I found I could say things with color and shapes that I couldn’t say any other way—things I had no words for. –-Georgia O’Keefe
Before you get started painting, you need to know some of the basics about color theory. Understanding the effect of mixing two or more colors together and the vocabulary of color will provide the foundation for your understanding of color theory. You want the paint that you apply to your canvas to match your artistic intention.
Here are the topics we’ll be discussing:
The Importance Of The Color Wheel
We’ve mentioned the color wheel in some previous lessons. It is your guide to mixing paints to get the color you want. Let’s build the color wheel, using our vocabulary for colors.
The primary colors are red, blue, and yellow. Many of us were introduced to the primary colors in elementary school.
Mixing any two of these create what are called as secondary colors. The secondary colors are orange, green, and purple.
Blue + Yellow = Green
Blue + Red = Purple
Yellow + Red = Orange
Secondary colors: The colors you get when you mix primary colors together are called secondary colors. These are orange, green, and purple.
Tertiary colors: Tertiary colors are the colors you get when you mix a primary color with a secondary color, or mix two secondary colors. For example, if you mix red (primary) with orange (secondary), you get vermillion (tertiary). Or blue (primary) mixed with purple (secondary) makes violet/blue-purple (tertiary).
Exercise One: Make Secondary And Tertiary Colors
Grab a small canvas (8” x 10” or thereabouts) and all of your paints. Lay your paints out on your palette and try mixing them on your palette. Try making secondary colors with your primaries. Then try making some tertiary colors by mixing primary and secondary (or secondary and secondary) colors. Make swatches on your canvas to note how you arrived at each color mixture. For example, if you mix red and yellow, make a swatch of each of those colors on your canvas and the resulting mixed orange next to that.
Color Clock (Or Color Wheel)
Look at this color “clock.” You’ll notice the primary colors are located at 12, 4, and 8, while the secondary colors are at 2, 6, and 10. The others are all tertiary colors. Download it as a PDF here so you can print it for handy reference!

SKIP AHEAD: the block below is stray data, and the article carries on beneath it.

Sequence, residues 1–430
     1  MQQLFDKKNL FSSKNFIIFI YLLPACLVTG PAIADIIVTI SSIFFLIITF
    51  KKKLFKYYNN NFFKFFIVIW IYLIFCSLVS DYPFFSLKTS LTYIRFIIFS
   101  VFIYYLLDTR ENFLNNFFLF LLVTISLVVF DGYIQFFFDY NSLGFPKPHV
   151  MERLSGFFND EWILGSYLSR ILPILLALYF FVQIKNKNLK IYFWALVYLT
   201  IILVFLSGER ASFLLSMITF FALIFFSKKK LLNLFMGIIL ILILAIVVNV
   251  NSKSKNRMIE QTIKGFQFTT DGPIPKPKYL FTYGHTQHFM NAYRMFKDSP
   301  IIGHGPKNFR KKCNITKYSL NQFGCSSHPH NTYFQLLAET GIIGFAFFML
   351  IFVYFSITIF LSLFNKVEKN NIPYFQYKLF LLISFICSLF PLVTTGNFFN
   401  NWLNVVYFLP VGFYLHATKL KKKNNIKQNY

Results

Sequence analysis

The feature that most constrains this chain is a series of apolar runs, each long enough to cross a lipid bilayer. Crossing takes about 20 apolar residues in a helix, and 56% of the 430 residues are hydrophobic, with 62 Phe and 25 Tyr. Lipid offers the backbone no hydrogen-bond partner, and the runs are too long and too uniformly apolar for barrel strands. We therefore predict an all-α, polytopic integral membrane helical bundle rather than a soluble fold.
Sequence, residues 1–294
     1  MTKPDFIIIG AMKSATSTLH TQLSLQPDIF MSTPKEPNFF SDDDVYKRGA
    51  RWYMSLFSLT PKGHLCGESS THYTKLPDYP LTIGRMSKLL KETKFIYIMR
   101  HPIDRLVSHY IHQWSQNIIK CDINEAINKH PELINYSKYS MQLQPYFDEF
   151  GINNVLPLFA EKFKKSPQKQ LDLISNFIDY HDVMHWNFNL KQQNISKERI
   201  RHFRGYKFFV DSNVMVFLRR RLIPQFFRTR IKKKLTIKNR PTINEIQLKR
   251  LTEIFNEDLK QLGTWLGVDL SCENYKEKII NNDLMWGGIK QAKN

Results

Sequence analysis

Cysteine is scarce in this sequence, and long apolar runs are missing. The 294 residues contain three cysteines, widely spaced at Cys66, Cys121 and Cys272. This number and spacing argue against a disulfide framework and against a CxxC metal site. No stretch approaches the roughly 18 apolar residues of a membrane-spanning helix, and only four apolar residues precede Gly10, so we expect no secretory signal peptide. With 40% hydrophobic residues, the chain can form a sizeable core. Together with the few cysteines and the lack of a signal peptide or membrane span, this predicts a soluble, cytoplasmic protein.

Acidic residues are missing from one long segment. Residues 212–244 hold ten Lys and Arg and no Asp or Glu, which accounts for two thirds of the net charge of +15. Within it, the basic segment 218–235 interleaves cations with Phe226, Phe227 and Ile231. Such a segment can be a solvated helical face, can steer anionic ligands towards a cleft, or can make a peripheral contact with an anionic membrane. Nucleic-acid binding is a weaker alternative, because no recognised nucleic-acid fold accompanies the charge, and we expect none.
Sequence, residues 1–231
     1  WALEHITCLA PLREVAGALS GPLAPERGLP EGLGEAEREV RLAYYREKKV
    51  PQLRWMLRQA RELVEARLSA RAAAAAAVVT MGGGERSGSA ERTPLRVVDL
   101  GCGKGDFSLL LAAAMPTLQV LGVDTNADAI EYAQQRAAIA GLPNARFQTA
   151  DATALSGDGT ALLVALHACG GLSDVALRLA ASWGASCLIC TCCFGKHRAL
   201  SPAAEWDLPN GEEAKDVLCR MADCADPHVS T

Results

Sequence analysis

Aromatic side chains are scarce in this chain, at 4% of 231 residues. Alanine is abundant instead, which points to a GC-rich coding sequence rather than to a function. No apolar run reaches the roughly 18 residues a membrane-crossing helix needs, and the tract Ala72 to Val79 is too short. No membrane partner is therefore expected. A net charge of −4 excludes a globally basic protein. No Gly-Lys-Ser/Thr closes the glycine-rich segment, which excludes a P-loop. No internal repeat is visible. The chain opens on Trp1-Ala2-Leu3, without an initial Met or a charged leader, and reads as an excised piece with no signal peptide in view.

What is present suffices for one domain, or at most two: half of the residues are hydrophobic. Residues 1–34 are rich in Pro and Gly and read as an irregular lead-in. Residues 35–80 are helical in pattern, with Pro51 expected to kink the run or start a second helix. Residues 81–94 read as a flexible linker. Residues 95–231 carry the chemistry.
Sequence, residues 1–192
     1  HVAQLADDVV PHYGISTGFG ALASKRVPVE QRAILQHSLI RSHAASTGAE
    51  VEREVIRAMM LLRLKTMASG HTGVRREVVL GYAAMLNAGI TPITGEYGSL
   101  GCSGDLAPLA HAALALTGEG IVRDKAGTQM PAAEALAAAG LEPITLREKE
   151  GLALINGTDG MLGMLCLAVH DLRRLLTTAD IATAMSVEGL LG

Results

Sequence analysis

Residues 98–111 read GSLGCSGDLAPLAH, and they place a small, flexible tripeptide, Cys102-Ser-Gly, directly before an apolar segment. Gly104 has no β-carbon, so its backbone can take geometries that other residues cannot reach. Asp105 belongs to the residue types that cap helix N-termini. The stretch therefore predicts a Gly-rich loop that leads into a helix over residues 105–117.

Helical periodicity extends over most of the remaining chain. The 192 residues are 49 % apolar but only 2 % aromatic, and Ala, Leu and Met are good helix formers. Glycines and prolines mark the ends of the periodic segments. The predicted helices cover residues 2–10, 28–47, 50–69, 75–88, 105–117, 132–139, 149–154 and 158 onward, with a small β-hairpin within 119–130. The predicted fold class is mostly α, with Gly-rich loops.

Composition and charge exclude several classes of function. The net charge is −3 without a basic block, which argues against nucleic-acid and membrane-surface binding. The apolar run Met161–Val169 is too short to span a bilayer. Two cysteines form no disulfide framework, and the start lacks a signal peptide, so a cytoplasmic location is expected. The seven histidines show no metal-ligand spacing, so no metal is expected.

If you mix equal parts of 1 and 3, you’ll get 2.
If you mix less of 3 with 1, you’ll get a 2 that’s closer to 1.
If you mix colors directly across from each other (12 and 6, 9 and 3, 10 and 4, etc.) you’ll make a neutral color because you’re mixing complementary colors.
Complementary colors: These are colors that are opposite each other on the color wheel.
These are important to know because, for one, it will help you to pick out a color scheme that matches your artistic intentions (I’ll get into this more in a bit) and two, mixing complementary colors will make mud. This is both a good thing and a bad thing! If you’re unaware that mixing blue and orange will make a grayish brown, and you start painting some orange flowers on top of your still-wet blue sky, your flowers will look pretty muddy. If, though, you’re painting the sky and it’s just too blue, you can add a bit of orange to your paint to tone down or neutralize the blue.
Exercise Two: Make Your Own Color Wheel
Mix your paints and come up with as many of these colors as you can then put it on canvas, paper, or cardboard. You can also use colored pencils, markers, or even colored paper.
Mixing Paints To Create Colors
This image is from Ian Sidaway’s book, Color Mixing Bible, which has some really great information on color and color theory as well as lots of illustrations showing different paint combinations in every medium.
The bar on the left shows mixing two complementary colors, in this case, cadmium red and pthalo green. At the top is pure cadmium red, mixed with progressively more and more pthalo green as it moves down. You’ll see in the middle where the colors are mixed closest to 50/50, the color becomes a neutral dark grey. The bar on the right is showing value—the lighter values are created by adding increasingly more white to the dark grey in the middle of the left column.
Every color has a complementary color. This doesn’t mean that all reds mixed with green will make grey, brown, or black! For example, if you’re using a red with more orange tones and you mix it with a green that has more yellow tones, you won’t get a nice grey or black mixture. You’ll need to experiment with your colors to see what you can make with what you have. And that is what your palette is for!